But it’s a complicated joy, isn’t it? Because real life doesn’t just stop for all the festivities. In some ways, the struggles of life become even more intense. If money was already tight, you really feel the squeeze. If you were already missing someone, you miss them even more. Time with loved ones can be a joy, but they can also open up old wounds. All those feasts can be a delight, but some are quietly praying that loved ones will stay sober through it all. If you or a loved one are facing a debilitating or life-threatening disease, you don’t get a break from that just because it is almost December 25th.

Our lives are complicated. Even those who seem to have it all, those who seem to have it all together, those who look so polished in their Christmas cards and Facebook posts, are almost certainly facing some kind of struggles, even if you can’t see them. That’s just how life is, for all of us. It is the reality of life in this fallen world.

But these two lovely women in our gospel reading preach beautifully to us this morning. Mary and Elizabeth point us to where we can find joy in this midst of our complicated lives. They point not to themselves and their maternal glow, though that is certainly a joy. They point to the children they carry. They point to the grapefruit-sized prophet, who was coming to prepare the way of the Lord, who already now was leaping for joy in the womb as his Lord drew near. They point to the berry-sized savior, who was coming to scatter the proud and lift up the lowly, who was coming to fill the hungry with good things, who was coming to fulfill God’s promises by bringing mercy and salvation.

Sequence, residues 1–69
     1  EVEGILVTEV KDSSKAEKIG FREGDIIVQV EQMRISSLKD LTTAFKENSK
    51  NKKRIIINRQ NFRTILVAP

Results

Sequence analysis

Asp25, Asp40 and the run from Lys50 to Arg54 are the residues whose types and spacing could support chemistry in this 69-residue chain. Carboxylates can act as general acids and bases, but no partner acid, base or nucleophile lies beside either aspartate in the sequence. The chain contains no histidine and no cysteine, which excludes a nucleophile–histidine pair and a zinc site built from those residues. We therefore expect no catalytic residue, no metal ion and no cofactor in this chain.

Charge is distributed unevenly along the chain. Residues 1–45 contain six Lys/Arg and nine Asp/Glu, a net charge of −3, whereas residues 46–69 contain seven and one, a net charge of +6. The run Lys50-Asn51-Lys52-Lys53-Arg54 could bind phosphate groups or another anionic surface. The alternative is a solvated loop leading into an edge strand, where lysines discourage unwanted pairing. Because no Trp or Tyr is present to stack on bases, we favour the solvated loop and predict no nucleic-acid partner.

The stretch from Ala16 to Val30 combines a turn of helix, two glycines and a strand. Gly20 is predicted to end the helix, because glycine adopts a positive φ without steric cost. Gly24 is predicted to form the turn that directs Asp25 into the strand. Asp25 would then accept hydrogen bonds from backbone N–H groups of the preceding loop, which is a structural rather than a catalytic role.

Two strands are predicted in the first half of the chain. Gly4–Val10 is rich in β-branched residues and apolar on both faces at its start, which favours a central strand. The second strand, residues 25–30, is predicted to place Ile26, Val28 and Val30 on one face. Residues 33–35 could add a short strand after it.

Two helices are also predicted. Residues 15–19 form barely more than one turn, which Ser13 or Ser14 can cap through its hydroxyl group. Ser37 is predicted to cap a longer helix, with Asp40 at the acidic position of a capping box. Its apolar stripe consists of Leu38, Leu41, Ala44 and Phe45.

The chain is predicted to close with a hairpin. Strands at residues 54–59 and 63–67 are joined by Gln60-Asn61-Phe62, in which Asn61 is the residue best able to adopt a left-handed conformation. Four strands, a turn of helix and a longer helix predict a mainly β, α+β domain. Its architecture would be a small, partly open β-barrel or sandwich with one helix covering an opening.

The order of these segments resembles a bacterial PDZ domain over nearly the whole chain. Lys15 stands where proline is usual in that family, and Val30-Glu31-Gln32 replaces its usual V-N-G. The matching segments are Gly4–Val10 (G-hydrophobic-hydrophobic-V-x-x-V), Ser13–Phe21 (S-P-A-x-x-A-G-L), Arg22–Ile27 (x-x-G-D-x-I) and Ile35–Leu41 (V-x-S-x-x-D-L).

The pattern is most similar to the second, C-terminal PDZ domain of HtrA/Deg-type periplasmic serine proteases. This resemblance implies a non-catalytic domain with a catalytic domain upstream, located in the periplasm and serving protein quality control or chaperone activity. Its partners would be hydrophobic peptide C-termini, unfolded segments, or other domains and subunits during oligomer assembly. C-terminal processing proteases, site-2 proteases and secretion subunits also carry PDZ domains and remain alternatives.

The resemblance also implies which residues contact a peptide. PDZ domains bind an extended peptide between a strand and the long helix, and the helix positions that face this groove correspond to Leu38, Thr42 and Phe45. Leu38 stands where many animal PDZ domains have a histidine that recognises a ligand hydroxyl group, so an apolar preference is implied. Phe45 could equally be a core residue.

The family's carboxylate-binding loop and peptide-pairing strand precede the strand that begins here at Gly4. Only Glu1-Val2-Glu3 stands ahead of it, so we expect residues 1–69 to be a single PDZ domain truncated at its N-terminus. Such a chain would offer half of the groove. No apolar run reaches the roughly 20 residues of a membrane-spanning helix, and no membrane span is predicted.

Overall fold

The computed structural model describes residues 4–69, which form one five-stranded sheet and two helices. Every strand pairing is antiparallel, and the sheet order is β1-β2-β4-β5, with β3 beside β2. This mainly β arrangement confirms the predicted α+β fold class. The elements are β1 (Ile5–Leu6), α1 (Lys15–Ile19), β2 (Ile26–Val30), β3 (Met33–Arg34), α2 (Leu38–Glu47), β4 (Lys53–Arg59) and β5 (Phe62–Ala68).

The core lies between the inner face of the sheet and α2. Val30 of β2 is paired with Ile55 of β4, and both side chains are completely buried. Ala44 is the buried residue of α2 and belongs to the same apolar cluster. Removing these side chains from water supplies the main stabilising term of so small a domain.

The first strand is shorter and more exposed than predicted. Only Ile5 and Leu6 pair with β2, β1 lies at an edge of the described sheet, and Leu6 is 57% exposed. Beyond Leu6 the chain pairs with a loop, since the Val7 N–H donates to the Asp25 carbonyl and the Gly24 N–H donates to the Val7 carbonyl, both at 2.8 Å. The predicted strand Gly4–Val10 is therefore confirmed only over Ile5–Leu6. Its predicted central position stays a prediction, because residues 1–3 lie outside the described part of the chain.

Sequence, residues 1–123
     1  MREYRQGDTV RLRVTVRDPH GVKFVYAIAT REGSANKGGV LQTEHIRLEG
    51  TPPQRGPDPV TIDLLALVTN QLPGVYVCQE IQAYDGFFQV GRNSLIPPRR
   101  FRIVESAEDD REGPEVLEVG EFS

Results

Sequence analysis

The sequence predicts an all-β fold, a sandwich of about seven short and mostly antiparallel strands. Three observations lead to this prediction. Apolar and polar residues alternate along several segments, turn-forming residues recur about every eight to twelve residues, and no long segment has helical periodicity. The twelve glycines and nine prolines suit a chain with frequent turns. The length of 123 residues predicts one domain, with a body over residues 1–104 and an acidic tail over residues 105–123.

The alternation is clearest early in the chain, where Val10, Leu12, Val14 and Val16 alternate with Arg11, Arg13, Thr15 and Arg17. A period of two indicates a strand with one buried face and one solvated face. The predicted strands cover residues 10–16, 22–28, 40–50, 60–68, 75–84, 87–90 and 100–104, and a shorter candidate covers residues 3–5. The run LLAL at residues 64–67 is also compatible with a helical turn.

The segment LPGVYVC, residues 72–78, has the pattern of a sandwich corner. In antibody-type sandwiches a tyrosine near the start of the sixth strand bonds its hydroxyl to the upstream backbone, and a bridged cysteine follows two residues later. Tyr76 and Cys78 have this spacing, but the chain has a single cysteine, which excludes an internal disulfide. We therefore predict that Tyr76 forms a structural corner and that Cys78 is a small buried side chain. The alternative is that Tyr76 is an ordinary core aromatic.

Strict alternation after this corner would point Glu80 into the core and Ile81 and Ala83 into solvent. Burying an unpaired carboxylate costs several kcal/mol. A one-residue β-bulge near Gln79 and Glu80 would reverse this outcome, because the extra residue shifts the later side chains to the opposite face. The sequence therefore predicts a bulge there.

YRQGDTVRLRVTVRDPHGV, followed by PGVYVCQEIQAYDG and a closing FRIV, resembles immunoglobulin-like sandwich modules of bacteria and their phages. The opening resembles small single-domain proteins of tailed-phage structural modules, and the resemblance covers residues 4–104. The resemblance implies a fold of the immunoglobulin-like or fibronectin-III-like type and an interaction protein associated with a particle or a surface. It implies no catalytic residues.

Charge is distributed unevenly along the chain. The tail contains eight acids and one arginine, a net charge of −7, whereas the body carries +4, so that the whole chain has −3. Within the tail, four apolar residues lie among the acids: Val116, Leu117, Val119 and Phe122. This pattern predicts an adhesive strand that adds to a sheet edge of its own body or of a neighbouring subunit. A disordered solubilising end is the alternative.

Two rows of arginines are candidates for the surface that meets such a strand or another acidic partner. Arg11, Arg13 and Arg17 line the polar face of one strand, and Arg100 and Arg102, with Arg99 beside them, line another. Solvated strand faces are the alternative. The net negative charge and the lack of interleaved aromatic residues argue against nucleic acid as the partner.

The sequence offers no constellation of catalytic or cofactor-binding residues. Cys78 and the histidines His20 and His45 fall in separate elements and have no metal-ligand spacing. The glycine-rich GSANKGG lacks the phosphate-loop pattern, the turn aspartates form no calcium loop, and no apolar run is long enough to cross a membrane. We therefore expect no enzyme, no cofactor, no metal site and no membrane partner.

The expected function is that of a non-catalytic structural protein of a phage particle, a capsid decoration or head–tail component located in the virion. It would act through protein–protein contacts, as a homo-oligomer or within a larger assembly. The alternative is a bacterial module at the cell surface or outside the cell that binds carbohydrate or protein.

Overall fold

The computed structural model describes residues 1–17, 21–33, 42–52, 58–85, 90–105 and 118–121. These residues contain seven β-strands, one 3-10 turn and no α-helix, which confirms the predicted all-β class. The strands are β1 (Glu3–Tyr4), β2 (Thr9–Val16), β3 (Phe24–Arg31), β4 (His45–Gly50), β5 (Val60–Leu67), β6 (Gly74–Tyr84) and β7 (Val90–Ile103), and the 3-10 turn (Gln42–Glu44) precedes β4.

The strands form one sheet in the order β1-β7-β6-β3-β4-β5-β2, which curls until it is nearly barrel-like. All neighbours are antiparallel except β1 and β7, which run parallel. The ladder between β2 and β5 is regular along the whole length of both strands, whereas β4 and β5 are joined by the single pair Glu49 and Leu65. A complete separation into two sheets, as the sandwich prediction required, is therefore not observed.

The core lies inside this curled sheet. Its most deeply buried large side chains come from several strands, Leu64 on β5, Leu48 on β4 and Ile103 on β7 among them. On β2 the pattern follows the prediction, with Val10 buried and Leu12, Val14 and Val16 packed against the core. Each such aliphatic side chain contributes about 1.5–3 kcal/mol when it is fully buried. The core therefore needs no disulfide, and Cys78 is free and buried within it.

The deeper source of joy Mary and Elizabeth point us to is the joy that comes from believing that these babies are being born to accomplish something for us. It comes from trusting that they have come so that we would know God’s presence in our lives, so that we would know God’s salvation, his mercy, his love. It comes from faith that God is with us, even when our lives are complicated.

It was a great miracle that God became a human being in Jesus. It was a great miracle that a virgin conceived. It was a great miracle that Mary believed it! 

May God do a miracle in you today by sending his Holy Spirit to stir your heart to faith in what he has done for you through these babies, so that even in the midst of your complicated life, you would know this joy.

For it was faith in what God was up to in Jesus that made John leap for joy in utero. It was faith that God was fulfilling his promises that made Elizabeth exclaim in joy with a loud cry. It was faith that God was with her, faith that God had looked upon her with favor, that gave Mary not only the strength to carry out her calling, but the joy to sing while she did so.

Thanks be to God. Amen.

Rev. Jeffrey R. Spencer

Oak Harbor Lutheran Church